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Bullying scandal hits NFL

Joe Bittner, ‘Doah Staff Writer
November 20, 2013

'Doah photo courtesy of sports illustrated

‘Doah photo courtesy of sports illustrated

November is Anti-Bullying Month here at Shenandoah University, sponsored by the Psychology department. In this month, we reflect on the effects bullying has on people of all ages. This sounds like something the Miami Dolphins should do.

Richie Incognito, a guard for the Dolphins, has been anything but his name. He has been accused of bullying his teammate Jonathan Martin. The Dolphins drafted Martin in the second round last year and he started all 16 games at offensive tackle. The two players worked together for an entire season before the recent explosion of controversy. Instead of chemistry, these two developed a relationship based on fear.

Many players viewed Incognito as a leader in the clubhouse. However, he immediately began harassing Martin from the moment he was drafted. Incognito left Martin, a bi-racial player, a voicemail in which Incognito said, “I’ll kill you.” He tried to defend his words saying the offensive lineman use vulgar words and threats all of the time. Naturally, the Dolphins organization rejected this excuse.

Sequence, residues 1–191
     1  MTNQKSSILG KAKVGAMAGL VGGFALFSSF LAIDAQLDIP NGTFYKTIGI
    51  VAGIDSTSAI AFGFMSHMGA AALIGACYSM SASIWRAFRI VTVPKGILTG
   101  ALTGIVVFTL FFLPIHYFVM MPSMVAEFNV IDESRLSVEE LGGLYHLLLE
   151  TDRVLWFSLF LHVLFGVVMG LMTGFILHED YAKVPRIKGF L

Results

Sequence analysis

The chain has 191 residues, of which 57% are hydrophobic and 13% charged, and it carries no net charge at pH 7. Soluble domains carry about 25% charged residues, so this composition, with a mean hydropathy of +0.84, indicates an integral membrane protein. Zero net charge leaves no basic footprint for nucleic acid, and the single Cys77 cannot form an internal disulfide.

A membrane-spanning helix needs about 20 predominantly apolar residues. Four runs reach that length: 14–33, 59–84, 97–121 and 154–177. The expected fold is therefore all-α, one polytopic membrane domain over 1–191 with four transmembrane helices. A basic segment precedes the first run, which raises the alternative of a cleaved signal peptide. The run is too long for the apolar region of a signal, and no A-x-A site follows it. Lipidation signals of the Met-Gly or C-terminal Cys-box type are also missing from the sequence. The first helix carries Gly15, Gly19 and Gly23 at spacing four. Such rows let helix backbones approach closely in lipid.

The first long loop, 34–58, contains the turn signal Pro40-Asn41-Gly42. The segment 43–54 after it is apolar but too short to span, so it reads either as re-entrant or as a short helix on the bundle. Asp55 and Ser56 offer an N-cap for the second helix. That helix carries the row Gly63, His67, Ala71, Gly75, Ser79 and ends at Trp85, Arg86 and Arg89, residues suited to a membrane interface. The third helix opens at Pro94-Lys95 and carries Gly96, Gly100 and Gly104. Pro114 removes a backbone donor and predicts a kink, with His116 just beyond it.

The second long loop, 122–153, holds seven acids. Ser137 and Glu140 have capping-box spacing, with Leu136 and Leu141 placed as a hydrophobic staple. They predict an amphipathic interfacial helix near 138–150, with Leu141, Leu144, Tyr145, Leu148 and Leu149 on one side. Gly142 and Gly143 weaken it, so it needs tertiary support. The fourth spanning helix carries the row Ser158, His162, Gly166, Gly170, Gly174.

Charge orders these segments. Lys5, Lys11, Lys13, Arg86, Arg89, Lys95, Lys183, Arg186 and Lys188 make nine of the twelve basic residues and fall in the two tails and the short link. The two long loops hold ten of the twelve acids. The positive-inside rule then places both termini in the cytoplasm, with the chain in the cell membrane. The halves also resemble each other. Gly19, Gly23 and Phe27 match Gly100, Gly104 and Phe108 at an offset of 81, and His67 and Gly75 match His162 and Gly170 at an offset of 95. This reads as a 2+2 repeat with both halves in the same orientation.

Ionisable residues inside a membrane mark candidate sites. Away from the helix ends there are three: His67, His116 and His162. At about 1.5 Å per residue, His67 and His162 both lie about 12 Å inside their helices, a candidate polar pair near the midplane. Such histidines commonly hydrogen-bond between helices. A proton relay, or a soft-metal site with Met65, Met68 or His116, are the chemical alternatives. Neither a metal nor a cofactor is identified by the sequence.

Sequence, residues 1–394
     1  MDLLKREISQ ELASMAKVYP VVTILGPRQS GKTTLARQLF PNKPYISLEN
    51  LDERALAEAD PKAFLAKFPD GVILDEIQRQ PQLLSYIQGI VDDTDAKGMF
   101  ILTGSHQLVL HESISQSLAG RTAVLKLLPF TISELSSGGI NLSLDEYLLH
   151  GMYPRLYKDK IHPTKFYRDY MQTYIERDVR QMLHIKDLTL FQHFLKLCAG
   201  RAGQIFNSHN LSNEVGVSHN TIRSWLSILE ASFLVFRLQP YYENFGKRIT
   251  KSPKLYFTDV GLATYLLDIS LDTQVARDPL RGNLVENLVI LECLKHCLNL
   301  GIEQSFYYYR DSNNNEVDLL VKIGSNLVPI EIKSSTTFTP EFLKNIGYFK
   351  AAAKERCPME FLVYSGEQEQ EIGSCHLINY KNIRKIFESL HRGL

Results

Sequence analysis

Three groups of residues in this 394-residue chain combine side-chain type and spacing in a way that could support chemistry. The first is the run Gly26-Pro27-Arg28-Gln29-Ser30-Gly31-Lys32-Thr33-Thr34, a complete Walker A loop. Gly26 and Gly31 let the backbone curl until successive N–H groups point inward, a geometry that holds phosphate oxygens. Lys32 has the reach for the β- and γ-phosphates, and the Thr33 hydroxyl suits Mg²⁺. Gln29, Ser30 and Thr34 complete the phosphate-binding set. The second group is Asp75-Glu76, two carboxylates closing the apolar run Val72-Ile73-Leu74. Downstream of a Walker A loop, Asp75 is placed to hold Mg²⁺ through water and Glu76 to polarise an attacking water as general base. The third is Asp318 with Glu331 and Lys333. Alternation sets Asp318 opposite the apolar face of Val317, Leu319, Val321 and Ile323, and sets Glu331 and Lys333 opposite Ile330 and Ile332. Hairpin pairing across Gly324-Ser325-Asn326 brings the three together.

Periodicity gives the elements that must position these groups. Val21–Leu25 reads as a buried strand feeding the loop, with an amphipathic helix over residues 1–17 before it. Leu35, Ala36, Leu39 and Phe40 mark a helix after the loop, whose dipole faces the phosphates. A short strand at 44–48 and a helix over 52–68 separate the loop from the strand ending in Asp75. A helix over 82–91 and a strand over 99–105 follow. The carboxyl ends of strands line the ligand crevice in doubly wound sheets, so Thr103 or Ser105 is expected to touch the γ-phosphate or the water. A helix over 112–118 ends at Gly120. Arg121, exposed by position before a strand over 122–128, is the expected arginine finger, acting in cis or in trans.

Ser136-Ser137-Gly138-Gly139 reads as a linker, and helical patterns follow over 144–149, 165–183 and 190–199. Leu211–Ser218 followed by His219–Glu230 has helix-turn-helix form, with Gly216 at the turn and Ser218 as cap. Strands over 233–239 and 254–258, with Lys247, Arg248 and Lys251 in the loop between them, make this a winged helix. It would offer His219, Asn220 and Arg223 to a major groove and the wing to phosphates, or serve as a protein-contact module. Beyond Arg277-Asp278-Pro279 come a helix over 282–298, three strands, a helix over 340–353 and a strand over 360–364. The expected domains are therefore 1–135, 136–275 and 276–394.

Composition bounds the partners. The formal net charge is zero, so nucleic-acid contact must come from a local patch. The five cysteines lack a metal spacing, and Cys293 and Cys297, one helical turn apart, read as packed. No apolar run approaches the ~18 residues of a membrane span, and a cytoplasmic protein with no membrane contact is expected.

The Dolphins suspended Incognito on Nov. 3 due to the allegations. This date could not have come sooner. Incognito has a record of bullying teammates dating back to college at Nebraska. He singled out a non-scholarship lineman by the name of Jack Limbaugh and physically hazed him. Finally, Limbaugh left the team after constant abuse.

Incognito is aware of his gifted ability and knows how he can use his size to his advantage. Instead of using this on his opponents, he picks his teammates to hurt. In college, he picked on someone not as talented and gifted- a non-scholarship walk-on. In the NFL, he picked a second-year player with less experience. The definition of bully reads, “a person who uses strength or power to harm or intimidate those who are weaker.” Incognito became very obvious.

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